In Red Hook, where the storm surge flooded homes and businesses with more than 10 feet of water, just one new barrier has been built by the city. It is constructed out of several segments of HESCO bags, each of which is filled with a ton of sand. During a storm, these segments would be joined together by temporary water-filled Tiger Dams to protect one of Red Hook’s low points, along Beard Street, from up to four feet of flooding.
“We say it’s for an Hurricane Irene type of storm. This program is more built towards a storm of that magnitude,” says Heather Roiter, the director of hazard mitigation for the New York City Emergency Management Department. “The measures will stay out for five years. The goal is to have permanent mitigation implemented in that time.” In the meantime, Red Hook’s other streets remain unprotected, and would flood again in another major storm.
Plans are being made to protect many of these coastal communities, but ground has not yet been broken on any other major coastal barriers. Some of the projects being planned include an inlet barrier at the mouth of Jamaica Bay created by the U.S. Army Corps of Engineers (USACE), which would provide protection for the many communities along its shores; a new USACE coastal defense system along Staten Island’s east shore, which would better protect areas like South Beach and Oakwood Beach; the Living Breakwaters and Tottenville Shoreline Protection Project, which would provide a more resilient form of protection to the southern end of Staten Island; and the Lower Manhattan Coastal Resiliency Project, which includes elements from The Big U proposal.
Some of these projects are expected to begin work in the next few years, while others are not yet fully funded. “We’ve lined up about $20 billion already for many of these projects all across the city, and we are spending that now, and we will need to identify more,” says Zarrilli. “We almost can’t afford not to make these investments, because if that next storm comes, we know the damage is going to be extensive again.”
How many billions of dollars of funding will be needed to realize these projects remains to be seen, and with the recent devastation caused by hurricanes in Puerto Rico, Texas and Florida, federal funding for New York City’s ongoing recovery from Hurricane Sandy may no longer be a top priority. But as the city plans for its future, in the face of rising sea levels, investing in these types of large scale projects will become increasingly urgent.
“We are looking out into the 2050s and 2100s, and trying to do some advance planning on getting ahead of those risks of sea level rise, but that is clearly a major existential challenge,” says Zarrilli. “In reality, this is something that we are not only going to be doing for a generation. We may never stop having to do these kind of investments, as the climate changes and sea levels rise. We are going to be constantly reevaluating and investing and making choices on how we are adapting to our new reality.”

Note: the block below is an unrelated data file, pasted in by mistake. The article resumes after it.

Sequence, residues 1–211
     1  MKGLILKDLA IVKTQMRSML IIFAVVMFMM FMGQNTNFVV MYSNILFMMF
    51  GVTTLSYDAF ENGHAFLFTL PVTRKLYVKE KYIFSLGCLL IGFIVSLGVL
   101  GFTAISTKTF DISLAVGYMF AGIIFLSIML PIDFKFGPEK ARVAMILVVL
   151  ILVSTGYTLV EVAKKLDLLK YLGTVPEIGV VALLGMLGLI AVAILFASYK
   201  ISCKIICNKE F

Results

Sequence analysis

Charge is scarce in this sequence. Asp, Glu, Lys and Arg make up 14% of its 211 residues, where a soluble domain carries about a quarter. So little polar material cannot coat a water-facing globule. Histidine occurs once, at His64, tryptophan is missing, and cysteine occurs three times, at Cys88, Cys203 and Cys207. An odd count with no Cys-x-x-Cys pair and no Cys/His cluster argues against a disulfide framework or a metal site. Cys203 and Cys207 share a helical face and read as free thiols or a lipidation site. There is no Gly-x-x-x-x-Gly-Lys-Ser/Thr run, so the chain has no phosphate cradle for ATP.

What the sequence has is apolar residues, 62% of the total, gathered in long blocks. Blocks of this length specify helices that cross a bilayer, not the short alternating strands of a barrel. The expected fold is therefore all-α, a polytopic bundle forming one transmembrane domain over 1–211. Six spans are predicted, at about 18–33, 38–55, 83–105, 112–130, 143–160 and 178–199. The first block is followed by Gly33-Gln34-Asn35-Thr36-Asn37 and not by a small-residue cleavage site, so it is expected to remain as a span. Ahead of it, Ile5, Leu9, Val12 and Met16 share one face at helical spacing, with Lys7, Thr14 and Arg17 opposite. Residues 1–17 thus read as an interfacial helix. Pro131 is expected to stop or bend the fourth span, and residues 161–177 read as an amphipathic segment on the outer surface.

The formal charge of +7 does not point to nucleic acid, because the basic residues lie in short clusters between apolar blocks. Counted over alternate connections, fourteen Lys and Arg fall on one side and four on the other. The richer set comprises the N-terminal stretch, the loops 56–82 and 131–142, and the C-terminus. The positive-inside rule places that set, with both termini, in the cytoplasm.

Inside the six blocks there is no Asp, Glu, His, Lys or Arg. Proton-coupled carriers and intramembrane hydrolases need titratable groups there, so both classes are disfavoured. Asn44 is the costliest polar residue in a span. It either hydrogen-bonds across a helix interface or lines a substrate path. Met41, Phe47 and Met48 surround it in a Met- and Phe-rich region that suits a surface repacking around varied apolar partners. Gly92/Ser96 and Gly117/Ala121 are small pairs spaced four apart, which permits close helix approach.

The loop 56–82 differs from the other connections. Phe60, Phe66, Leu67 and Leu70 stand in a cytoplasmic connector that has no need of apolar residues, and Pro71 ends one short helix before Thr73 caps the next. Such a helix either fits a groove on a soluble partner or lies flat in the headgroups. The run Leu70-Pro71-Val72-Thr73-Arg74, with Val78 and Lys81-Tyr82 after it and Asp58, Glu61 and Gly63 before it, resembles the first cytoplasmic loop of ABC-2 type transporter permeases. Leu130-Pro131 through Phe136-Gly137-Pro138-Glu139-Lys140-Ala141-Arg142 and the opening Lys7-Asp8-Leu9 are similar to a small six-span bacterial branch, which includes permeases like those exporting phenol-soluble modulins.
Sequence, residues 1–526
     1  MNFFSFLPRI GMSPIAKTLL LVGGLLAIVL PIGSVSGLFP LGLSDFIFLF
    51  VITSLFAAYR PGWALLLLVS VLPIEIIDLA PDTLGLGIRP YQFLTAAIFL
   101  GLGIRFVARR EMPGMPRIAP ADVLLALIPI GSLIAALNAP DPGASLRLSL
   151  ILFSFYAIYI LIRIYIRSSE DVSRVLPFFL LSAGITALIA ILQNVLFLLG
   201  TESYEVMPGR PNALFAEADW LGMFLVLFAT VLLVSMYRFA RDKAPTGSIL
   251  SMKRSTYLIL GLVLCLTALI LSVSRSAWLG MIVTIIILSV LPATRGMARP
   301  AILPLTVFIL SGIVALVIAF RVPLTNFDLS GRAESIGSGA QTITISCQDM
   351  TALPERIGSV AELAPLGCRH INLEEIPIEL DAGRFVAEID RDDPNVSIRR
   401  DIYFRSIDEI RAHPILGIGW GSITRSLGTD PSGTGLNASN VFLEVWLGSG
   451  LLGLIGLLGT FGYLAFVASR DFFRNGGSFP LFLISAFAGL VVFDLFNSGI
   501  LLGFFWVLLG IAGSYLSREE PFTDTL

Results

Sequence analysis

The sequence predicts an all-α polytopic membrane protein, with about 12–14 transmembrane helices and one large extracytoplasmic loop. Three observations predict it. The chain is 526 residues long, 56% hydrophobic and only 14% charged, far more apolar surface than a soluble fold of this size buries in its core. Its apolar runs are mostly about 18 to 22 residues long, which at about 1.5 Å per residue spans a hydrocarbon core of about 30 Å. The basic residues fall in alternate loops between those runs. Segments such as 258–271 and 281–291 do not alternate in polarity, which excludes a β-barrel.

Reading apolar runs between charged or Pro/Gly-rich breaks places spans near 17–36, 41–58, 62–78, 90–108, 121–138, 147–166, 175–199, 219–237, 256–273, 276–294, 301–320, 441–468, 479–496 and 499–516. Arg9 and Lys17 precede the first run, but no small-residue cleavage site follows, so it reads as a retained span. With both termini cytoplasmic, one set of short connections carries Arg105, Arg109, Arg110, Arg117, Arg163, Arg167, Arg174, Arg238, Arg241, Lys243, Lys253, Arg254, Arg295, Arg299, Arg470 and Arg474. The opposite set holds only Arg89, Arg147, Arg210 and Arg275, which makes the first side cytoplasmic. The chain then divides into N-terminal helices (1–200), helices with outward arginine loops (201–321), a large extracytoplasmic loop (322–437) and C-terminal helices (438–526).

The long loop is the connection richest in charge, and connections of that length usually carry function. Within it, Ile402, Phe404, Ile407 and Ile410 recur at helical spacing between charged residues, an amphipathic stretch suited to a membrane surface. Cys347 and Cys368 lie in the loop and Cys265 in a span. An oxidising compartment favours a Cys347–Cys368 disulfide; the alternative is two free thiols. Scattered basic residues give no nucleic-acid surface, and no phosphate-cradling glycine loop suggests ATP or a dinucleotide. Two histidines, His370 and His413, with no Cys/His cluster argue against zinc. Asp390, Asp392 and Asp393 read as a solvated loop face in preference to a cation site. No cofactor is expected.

All along the Rockaway Peninsula, new storm barriers were erected in the aftermath of Hurricane Sandy. In Breezy Point, a gated community at the western end of the peninsula, residents constructed a new dune using $130,000 of their own funds.
The dune is still the only major barricade along the oceanfront, although the Federal Emergency Management Agency (FEMA) may be providing $57 million in funding towards the implementation of other barriers.
In Belle Harbor, a one-mile-long system of baffle walls and dunes is now complete, replacing barriers that were destroyed during Hurricane Sandy.
The new dunes provide an imposing barrier from the ocean. Many of the mansions on the coast of Belle Harbor were destroyed by Hurricane Sandy, and empty lots remain along the waterfront.
The new baffle wall system, which was completed by 2013, “is connected to 22-foot deep pilings and extends four feet above ground,” according to WNYC.
From the neighborhood’s streets, the wall and dune do not appear particularly imposing, but the ocean is completely blocked from view, and from homes.
Further east along the peninsula, in Rockaway Beach, the newly constructed boardwalk has created a much more imposing concrete wall. Built underneath the walkway, the wall holds back an enormous sand dune.
The boardwalk here is raised high above the streets, and above the first floor of nearby homes and buildings. This section of the boardwalk is one of the most impressive barrier walls created in the aftermath of Sandy.
The dunes created here are far more extensive than any of the other barriers in the Rockaways. Accessing the beach is now a challenge, but it is unlikely the sand will erode anytime soon.
The flank of the Rockaway Peninsula, facing Jamaica Bay, remains largely unprotected. Some work has been done to repair the sea wall along Beach Channel Drive, but at Beach 106th Street, the bulkhead is collapsing into the bay near enormous sinkholes.